Auto Review: 2018 Kia Cerato Sport (hatch)

THE sub-$30k small car market is amongst the most competitive segments in Australia today, with a plethora of cars to choose from, including the ‘big 3’; the Toyota Corolla, Hyundai i30 and Mazda3.

Buyers are absolutely spoilt for choice, and in a world of tighter car parks and rising fuel costs, it is not surprising that this market segment is also one of the most popular in the country too.

With that in mind, where does it leave Kia’s soon to be updated 2018 Cerato hatch? For starters, this model has been on the Australian market for more than 5 years now, so it’s no spring chicken.

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Moreover, with the class leaders in the Toyota Corolla, Hyundai i30 and Volkswagen Golf all having new models or significant updates released over the last 12 months, the Cerato certainly has a battle on its hands.

Before we move onto the car in question, the 2018 Kia Cerato Sport hatch, it is worth exploring how Kia has taken the Australian market by storm over the past few years.

Undoubtedly helped by a market leading 7-year unlimited kilometre warranty, Kia has certainly been one of the success stories of the Australian car market, with sales doubling from 2014 to an all-time record high in 2017.

With the release of the Stinger to critical acclaim in 2017 (with the QLD Police even taking delivery of them for patrol cars with the demise of the Commodore and Falcon), there can be no doubt that Kia is a brand that must be taken seriously in the domestic marketplace.

Now to the 2018 Kia Cerato Sport hatch, which on paper has a RRP just over $28,000, but in reality is in run out ahead of a brand new model at the end of the year, and is being offered at the bargain price of $22,490.

That’s great value when you consider it’s the second highest model in the range, sitting above the two S models and just under the top of the line Sport+. That potential gets even greater when you remember the 7-year warranty.

Standard equipment on the Cerato Sport hatch is good too, with features including Apple CarPlay and Android Auto, reverse camera, SatNav with live traffic, and 17-inch alloy wheels.

The infotainment system feels more iPhone 5 than iPhone X though, and our test car had an odd quirk, whereby phone calls would mysteriously not connect to the car at random, it was very strange.

The cabin can easily swallow four adults and some luggage, but does feel quite dull and lacks that fresh, feels really new look that the latest VW Golf and Toyota Corolla have, but the end of year arrival of the 2019 edition of the Cerato hatch should address that.

On the road, it’s pretty decent, if not spectacular, with a 2.0-litre 4-cylinder delivering 112kW of power and 192Nm of torque. That puts it down on direct competitors like the Toyota Corolla Ascent Sport (125kW/200Nm).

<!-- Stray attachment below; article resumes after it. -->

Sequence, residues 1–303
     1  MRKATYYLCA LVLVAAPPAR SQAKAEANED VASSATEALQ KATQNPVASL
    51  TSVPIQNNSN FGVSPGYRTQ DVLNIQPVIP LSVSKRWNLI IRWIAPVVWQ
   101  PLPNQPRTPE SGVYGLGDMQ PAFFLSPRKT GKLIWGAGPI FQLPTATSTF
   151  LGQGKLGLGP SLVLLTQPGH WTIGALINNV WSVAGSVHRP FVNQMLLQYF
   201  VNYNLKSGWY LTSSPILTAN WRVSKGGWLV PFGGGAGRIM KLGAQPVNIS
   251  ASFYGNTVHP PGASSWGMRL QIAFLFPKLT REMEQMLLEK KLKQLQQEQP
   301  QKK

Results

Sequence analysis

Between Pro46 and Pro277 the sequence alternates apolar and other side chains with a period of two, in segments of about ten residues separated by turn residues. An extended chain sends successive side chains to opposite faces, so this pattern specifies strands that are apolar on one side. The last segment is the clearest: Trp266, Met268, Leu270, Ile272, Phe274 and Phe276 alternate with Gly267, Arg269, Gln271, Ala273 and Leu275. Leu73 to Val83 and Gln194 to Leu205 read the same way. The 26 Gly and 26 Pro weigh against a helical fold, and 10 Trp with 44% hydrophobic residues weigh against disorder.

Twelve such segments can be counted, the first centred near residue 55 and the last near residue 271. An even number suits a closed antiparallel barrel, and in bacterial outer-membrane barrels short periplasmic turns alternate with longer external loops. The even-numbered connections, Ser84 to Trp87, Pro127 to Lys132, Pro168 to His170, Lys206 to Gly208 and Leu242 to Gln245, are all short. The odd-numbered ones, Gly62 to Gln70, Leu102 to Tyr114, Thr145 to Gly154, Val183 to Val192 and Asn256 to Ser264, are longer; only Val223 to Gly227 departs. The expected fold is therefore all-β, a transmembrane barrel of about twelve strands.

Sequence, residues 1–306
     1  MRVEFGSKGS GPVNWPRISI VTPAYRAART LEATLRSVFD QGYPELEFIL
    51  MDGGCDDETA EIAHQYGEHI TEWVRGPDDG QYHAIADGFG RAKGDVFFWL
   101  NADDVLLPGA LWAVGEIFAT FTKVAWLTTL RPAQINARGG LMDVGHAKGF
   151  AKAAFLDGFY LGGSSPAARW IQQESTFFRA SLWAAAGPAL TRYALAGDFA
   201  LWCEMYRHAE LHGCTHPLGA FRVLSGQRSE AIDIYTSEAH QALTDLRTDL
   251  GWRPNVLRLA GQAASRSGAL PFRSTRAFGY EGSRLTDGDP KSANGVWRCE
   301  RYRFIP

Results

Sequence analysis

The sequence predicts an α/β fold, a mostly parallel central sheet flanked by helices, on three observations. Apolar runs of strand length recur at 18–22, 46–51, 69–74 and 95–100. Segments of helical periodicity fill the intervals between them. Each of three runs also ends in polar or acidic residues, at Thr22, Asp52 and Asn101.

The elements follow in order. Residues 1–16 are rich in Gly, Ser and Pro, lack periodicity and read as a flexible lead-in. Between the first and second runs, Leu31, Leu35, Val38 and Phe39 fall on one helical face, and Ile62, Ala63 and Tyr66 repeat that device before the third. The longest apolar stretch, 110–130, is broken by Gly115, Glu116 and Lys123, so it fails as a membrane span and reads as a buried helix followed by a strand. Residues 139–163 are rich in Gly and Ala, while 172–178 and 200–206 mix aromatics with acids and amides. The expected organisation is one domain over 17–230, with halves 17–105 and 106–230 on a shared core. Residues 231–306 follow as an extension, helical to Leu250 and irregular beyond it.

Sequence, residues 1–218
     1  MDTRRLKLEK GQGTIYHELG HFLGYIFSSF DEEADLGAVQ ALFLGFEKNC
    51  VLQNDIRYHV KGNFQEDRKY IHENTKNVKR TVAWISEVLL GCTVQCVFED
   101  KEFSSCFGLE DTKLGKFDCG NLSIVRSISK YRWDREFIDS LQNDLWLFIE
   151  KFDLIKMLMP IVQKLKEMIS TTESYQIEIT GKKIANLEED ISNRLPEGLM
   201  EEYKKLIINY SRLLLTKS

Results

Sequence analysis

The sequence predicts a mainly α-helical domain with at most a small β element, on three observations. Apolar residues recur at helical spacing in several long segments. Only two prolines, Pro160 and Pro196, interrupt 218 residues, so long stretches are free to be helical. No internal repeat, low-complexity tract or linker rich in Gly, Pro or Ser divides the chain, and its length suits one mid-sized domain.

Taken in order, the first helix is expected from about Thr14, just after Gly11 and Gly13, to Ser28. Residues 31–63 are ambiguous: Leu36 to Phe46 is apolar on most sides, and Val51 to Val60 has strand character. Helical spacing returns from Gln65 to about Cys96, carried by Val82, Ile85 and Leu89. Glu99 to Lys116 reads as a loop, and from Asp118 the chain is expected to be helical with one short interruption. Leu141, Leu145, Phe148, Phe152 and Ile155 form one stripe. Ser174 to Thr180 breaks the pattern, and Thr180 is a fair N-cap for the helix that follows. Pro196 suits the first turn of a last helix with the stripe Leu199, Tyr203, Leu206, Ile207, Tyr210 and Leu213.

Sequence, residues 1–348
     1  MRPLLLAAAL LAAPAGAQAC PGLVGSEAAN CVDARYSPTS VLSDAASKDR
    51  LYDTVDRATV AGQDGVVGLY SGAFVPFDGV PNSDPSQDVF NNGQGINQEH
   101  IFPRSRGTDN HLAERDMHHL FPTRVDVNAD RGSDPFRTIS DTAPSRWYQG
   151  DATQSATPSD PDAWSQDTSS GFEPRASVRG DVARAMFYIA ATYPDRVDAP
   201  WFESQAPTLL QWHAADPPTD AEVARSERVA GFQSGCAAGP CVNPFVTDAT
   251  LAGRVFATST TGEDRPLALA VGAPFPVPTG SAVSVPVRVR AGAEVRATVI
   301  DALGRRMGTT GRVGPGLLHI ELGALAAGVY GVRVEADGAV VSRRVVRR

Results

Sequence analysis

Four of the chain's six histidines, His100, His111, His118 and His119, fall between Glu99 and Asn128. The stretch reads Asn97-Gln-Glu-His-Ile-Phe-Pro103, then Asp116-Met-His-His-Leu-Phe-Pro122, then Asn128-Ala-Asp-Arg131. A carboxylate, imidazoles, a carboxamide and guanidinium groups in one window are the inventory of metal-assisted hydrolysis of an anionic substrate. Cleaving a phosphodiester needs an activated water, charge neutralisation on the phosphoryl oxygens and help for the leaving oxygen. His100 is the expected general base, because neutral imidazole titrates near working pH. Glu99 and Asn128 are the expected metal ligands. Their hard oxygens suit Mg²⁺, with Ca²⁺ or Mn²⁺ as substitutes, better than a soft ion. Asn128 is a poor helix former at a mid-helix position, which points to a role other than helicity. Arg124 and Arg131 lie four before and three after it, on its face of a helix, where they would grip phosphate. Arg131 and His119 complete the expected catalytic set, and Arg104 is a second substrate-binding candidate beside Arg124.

The other players in that space; the Hyundai i30 Go (120kW and 203Nm), Mazda3 (114kW/200Nm) and VW Golf 110 TSI (110kW/250Nm) all do better in the power and torque stakes. It’s also pretty noisy when you push it hard.

On the highway though, it is a relaxed and comfortable cruiser. Kia claims 7.2-litres/100km but we couldn’t even get close, only managing a 9.0-litres/100km. It’s by no means a bad car though, it’s just the other kids have new toys.

That, coupled with the fact it’s an ageing platform at five years old, isn’t doing it any favours, but that awesome warranty and the run out price make it a good proposition as a first or second car, particularly in the value for money stakes.

When the 2019 variant lands, expect it to shake up the small car establishment and push the benchmark envelope. In the meantime though, if you’re keen to grab a bargain run out model, the 2018 Kia Cerato Sport hatch might be a winner.

It comes in Clear White, Snow White Pearl, Silky Silver (our test car), Aurora Black, Metal Stream, Temptation Red, Gravity Blue and Planet Blue. All of these colours, with the exception of Clear White add an additional $520 to the sticker price.

Our 2018 Kia Cerato Sport (hatch) was provided by Kia Australia. To find out more, visit your local Kia dealer.


Driving experience
Exterior styling
Interior look and feel
Technology and connectivity
Family friendliness


Pros - sharp run out pricing; good levels of standard equipment; 7-year unlimited kilometre warranty.
Cons - dated compared to main rivals; fuel consumption; noisy under acceleration; temperamental infotainment system.
News Desk
News Desk
The News Desk is the hub of Exhaust Notes Australia. It's from here that our team of writers journalists and photographers bring you the latest happenings from the world of motoring.


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<strong>Pros -</strong> sharp run out pricing; good levels of standard equipment; 7-year unlimited kilometre warranty.<br> <strong>Cons -</strong> dated compared to main rivals; fuel consumption; noisy under acceleration; temperamental infotainment system.Auto Review: 2018 Kia Cerato Sport (hatch)